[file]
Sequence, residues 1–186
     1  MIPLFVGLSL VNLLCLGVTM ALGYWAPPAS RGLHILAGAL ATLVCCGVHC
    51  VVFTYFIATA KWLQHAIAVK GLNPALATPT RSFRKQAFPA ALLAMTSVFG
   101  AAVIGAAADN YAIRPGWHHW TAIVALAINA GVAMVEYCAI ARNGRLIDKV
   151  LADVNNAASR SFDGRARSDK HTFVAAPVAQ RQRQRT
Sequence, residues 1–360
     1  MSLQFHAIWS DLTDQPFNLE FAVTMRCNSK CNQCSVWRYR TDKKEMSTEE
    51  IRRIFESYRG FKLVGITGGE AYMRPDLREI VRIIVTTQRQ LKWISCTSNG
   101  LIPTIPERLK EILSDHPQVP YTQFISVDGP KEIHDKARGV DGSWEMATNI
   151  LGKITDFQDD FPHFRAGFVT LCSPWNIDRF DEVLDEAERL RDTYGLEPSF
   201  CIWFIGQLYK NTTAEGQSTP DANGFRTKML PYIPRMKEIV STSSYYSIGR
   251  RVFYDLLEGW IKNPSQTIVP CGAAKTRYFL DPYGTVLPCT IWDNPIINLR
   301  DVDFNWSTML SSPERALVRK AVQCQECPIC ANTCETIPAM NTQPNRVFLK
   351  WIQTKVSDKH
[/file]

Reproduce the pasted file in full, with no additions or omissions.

Sequence, residues 1–186
     1  MIPLFVGLSL VNLLCLGVTM ALGYWAPPAS RGLHILAGAL ATLVCCGVHC
    51  VVFTYFIATA KWLQHAIAVK GLNPALATPT RSFRKQAFPA ALLAMTSVFG
   101  AAVIGAAADN YAIRPGWHHW TAIVALAINA GVAMVEYCAI ARNGRLIDKV
   151  LADVNNAASR SFDGRARSDK HTFVAAPVAQ RQRQRT
Sequence, residues 1–360
     1  MSLQFHAIWS DLTDQPFNLE FAVTMRCNSK CNQCSVWRYR TDKKEMSTEE
    51  IRRIFESYRG FKLVGITGGE AYMRPDLREI VRIIVTTQRQ LKWISCTSNG
   101  LIPTIPERLK EILSDHPQVP YTQFISVDGP KEIHDKARGV DGSWEMATNI
   151  LGKITDFQDD FPHFRAGFVT LCSPWNIDRF DEVLDEAERL RDTYGLEPSF
   201  CIWFIGQLYK NTTAEGQSTP DANGFRTKML PYIPRMKEIV STSSYYSIGR
   251  RVFYDLLEGW IKNPSQTIVP CGAAKTRYFL DPYGTVLPCT IWDNPIINLR
   301  DVDFNWSTML SSPERALVRK AVQCQECPIC ANTCETIPAM NTQPNRVFLK
   351  WIQTKVSDKH